There is relief for parents flying with Virgin Australia with the airline approving a range of children’s sleeping devices.
The airline is the only major Australian carrier to approve the range of comfort items enabling travelling families to rest a bit easier when flying.
These items were banned by Jetstar and Qantas earlier this year on concerns they could be an obstacle during an evacuation.
However, Virgin Australia says that “after an extensive safety assessment process, Plane Pal, Fly Tot, and JetKids Bedbox will all be permitted”, on the airline’s entire fleet of aircraft effect immediately.
However, the devices are only permitted to be used when sitting in a window seat or in the middle seat of the centre block on an aircraft like the A330 or 777 and must be included as part of the 7kg carry-on baggage allocation.
So, on a single-aisle 737 with a 3-3 configuration only the window seats can be used for the products.
They are not permitted to be used in exit rows.
Also, passengers must continue to follow the instruction of the cabin crew when using these devices.
Tigerair, a subsidiary of Virgin Australia, is currently conducting its own assessment of the items.
Virgin Australia general manager inflight experience Tash Tobias said, "we know that travelling with kids can be a stressful experience and we want to make it as smooth as possible for the families that fly with us.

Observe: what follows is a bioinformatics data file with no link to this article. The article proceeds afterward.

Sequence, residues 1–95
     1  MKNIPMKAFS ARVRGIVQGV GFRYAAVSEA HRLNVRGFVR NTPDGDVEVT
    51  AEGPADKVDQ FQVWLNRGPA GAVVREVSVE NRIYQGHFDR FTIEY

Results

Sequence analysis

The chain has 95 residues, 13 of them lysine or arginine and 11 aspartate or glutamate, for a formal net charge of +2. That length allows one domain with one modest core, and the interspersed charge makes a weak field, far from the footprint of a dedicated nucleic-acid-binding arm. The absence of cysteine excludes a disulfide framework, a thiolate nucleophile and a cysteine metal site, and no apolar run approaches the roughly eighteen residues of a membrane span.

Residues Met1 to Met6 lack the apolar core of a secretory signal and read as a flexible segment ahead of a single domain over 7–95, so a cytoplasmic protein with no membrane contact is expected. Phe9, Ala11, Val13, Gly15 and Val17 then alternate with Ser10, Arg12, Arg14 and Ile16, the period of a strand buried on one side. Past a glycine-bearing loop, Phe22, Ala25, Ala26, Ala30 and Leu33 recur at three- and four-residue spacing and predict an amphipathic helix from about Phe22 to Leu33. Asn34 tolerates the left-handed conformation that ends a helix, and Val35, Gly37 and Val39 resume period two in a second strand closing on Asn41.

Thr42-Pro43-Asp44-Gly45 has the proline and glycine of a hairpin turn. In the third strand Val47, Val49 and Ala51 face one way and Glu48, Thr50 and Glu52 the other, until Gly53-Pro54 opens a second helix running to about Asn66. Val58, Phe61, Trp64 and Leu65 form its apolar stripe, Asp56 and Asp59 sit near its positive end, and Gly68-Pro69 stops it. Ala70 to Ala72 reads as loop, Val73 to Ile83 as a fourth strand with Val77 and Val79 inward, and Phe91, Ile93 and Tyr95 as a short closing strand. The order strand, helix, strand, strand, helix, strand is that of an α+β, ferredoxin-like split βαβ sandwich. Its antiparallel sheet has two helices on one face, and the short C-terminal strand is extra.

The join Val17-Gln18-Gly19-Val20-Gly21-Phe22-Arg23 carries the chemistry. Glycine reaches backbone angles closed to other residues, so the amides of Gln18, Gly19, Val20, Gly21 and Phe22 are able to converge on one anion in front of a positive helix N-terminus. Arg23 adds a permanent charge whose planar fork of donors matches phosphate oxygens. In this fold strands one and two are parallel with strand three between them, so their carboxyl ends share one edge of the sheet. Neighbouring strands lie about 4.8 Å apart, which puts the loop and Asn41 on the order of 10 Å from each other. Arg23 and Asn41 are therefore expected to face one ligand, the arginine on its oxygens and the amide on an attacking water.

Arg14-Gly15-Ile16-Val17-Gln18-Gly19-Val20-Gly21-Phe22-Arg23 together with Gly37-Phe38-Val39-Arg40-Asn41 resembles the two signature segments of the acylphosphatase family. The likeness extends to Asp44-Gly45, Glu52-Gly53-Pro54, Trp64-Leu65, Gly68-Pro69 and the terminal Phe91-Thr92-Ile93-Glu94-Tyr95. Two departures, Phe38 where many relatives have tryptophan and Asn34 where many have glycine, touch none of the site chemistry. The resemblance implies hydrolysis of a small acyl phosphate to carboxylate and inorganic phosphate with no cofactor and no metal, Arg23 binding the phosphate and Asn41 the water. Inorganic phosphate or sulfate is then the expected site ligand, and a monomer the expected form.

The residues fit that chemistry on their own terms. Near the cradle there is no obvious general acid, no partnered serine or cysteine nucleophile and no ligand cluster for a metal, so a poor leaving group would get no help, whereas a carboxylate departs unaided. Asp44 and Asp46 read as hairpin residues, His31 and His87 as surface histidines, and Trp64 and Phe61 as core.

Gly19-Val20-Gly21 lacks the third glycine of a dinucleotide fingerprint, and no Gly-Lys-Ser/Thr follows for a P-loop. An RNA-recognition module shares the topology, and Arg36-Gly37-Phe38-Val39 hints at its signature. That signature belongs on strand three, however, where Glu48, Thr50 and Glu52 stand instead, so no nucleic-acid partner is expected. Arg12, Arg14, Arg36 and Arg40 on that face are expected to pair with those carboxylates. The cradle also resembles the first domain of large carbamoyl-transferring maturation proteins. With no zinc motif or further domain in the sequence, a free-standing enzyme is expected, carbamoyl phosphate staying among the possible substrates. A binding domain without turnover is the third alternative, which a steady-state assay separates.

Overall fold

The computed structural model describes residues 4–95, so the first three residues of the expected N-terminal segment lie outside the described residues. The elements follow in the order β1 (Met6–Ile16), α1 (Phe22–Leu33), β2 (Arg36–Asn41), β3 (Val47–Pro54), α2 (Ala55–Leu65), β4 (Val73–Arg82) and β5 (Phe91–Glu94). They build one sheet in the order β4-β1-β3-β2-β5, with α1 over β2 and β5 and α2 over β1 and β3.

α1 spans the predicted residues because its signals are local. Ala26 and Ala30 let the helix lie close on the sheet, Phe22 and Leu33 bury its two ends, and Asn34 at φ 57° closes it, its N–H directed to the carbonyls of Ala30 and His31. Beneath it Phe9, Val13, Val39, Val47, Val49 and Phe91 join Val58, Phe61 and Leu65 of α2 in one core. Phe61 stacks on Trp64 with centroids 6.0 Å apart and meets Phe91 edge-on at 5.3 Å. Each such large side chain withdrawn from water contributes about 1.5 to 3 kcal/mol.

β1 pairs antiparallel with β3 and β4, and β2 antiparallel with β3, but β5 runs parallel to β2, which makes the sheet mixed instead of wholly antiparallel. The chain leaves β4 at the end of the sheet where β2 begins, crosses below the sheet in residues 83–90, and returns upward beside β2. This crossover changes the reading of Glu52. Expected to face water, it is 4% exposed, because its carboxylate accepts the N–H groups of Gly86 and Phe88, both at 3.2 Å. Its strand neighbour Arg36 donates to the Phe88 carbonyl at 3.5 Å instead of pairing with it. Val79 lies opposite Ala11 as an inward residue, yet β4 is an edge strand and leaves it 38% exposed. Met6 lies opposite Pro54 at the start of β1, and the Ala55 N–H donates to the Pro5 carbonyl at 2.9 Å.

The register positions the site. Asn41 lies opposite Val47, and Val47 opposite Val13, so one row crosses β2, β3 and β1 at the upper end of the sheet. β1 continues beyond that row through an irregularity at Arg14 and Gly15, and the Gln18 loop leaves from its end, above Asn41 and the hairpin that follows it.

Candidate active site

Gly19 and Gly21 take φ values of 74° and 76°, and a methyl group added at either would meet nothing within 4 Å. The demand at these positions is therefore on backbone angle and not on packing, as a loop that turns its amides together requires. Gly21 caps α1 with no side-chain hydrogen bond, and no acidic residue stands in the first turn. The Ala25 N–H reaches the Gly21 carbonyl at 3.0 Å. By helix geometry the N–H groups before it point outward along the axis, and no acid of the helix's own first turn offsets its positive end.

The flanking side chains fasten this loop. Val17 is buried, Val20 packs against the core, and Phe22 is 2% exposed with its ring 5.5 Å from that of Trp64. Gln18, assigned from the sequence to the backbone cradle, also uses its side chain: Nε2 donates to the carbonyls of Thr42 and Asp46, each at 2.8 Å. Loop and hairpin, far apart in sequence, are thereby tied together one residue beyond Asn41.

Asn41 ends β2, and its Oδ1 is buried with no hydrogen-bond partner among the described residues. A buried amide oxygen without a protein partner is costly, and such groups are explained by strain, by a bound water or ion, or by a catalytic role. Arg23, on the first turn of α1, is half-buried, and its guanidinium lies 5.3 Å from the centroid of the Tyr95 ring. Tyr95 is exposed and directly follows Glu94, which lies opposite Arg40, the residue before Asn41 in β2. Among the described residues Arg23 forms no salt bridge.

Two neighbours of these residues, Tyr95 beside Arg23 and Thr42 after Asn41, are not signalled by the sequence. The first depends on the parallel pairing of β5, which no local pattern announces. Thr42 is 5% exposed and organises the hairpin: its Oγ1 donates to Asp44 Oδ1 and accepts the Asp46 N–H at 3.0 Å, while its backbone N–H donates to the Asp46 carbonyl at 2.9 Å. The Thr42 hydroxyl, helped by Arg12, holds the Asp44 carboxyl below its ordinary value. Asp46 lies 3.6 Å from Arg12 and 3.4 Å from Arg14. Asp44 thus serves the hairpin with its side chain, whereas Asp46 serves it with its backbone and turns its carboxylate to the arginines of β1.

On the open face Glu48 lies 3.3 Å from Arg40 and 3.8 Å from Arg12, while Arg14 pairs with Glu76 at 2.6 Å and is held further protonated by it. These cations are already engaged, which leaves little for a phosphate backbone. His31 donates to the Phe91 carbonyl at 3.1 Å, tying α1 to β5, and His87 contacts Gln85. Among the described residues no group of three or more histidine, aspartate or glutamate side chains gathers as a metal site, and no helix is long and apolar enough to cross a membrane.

“We recognise the importance of your kids getting some extra rest on a flight as it can make a world of difference when you arrive at your destination.
“These popular comfort items have been reviewed by our team of safety experts against our high safety standards and we’re pleased to say that we’ve been able to give the seal of approval to three of the most popular models.”
- For more, see virginaustralia.com.
You may also like
Gourmet showcase to savour
It reads like a who’s who of Australian food. Some of our best food and drink will be served over four days in Queensland’s idyllic Port Douglas.
Fokkers at home in hostile territory
Fly-in, fly-out workers, tourists and resource executives have now replaced the missionaries, cattlemen and prospectors of the post-war years as passengers on WA’s internal air routes...
Jets herald era of fancy flight
At the close of World War II in 1945, the major builders of civil transport Douglas and Lockheed from the USA had two long-haul aircraft types in production — the DC-4/DC-6 and the Constellation that dominated aviation...